subscribe to our newsletter sign up
Struggling Asian markets need tough insolvency regimes
Remaining DibbsBarker partners reveal next move :

Struggling Asian markets need tough insolvency regimes

Soon to land in Australia, global firm White & Case has recently released an Asia-Pacific insolvency guide to assist a range of struggling Asian markets, including Australia.

As a range of markets in Asia struggle with lower commodity prices and the slowdown in China’s growth, among other issues, White & Case has taken the liberty of releasing a second edition Asia Pacific Restructuring & Insolvency Guide, following the first edition in 2009.

The guide gives a detailed overview of the restructuring and insolvency laws in 16 key jurisdictions, being Australia, England and Wales, Hong Kong, India, Indonesia, Japan, Macau, Malaysia, China, the Philippines, Singapore, South Korea, Taiwan, Thailand, the United States of America and Vietnam.

“Strong, functioning restructuring and insolvency regimes are the cornerstone of a modern market economy and a key factor in bringing investor confidence and financial stability,” the guide reads.

“Many of the regimes in the Asia Pacific will be increasingly tested as the ‘new normal’ of lower for longer commodity prices, rising non-performing loans, the slowdown in China’s growth, tightening credit markets and impending debt maturities start to reverberate across the region’s markets, bringing an expectation that market conditions will continue to worsen in the region with a corresponding rise in distress situations.”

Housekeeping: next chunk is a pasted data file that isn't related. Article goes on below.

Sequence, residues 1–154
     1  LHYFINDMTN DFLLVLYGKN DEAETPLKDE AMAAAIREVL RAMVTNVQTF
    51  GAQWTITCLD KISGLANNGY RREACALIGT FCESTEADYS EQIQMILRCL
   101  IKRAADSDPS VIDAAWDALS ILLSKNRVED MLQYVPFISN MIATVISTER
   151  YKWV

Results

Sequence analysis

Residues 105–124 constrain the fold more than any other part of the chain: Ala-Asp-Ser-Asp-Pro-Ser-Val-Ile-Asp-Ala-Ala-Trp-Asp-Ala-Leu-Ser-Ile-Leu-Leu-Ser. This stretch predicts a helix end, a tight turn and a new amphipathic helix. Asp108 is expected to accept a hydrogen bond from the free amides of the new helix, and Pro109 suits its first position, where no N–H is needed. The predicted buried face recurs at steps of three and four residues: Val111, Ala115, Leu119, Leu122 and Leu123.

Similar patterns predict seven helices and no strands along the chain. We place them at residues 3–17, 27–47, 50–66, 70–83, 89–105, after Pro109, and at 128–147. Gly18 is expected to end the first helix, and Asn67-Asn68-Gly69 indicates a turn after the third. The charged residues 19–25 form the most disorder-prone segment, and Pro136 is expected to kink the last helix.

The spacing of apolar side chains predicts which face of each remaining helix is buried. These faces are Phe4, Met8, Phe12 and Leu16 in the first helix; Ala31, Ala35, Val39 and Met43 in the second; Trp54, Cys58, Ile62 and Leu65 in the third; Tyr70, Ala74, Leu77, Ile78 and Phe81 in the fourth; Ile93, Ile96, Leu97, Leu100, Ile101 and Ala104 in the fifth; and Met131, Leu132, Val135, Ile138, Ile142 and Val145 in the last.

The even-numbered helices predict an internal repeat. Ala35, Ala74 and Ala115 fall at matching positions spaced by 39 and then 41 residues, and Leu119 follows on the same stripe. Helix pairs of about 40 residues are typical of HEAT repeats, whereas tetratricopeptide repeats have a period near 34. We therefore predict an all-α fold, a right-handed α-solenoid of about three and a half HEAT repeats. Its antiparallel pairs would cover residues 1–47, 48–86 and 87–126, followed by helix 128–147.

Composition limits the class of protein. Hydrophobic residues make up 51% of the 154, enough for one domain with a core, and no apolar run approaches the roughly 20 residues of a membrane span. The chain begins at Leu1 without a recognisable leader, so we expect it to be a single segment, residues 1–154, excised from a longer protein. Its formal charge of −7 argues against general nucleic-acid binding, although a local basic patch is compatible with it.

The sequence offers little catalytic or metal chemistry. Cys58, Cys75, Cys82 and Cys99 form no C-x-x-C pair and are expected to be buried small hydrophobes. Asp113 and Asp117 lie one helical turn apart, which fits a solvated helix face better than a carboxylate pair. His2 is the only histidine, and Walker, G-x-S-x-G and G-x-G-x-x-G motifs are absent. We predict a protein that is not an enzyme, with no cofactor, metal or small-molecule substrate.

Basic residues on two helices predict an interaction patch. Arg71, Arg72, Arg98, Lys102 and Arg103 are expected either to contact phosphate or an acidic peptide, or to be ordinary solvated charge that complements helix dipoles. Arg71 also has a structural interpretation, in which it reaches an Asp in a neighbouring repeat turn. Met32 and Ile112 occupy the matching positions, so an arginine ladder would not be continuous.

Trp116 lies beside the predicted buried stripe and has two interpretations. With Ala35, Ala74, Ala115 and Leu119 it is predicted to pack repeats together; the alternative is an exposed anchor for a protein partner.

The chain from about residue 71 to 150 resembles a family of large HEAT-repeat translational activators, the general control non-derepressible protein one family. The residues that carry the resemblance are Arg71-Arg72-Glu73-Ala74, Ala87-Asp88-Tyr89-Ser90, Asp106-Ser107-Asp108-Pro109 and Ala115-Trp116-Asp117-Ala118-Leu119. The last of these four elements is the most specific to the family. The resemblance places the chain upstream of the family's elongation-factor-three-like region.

According to the report, the mining, oil and gas, maritime and offshore, shipping, real estate and gaming industries, in particular, have seen the effects of such reverberation.

Included in the guide is a comparative table of the restructuring and insolvency regimes of each of the 16 jurisdictions, based on 11 issues that commonly impact upon restructuring and insolvency in the region.

The table reveals England and Wales has the most reliable regime, followed by the US, Singapore, Hong Kong and then Australia. Japan is the sixth country in the top category, where it is likely to be easier to enforce security.

At the other end of the scale are Indonesia, China, India, Macau, Taiwan and the Philippines, where it is likely to be more difficult to enforce security.

Interestingly, Herbert Smith Freehills recently released its own insolvency guide after news emerged that White & Case will be launching in Australia with a team of 10 ex-HSF partners.


Promoted content
Recommended by Spike Native Network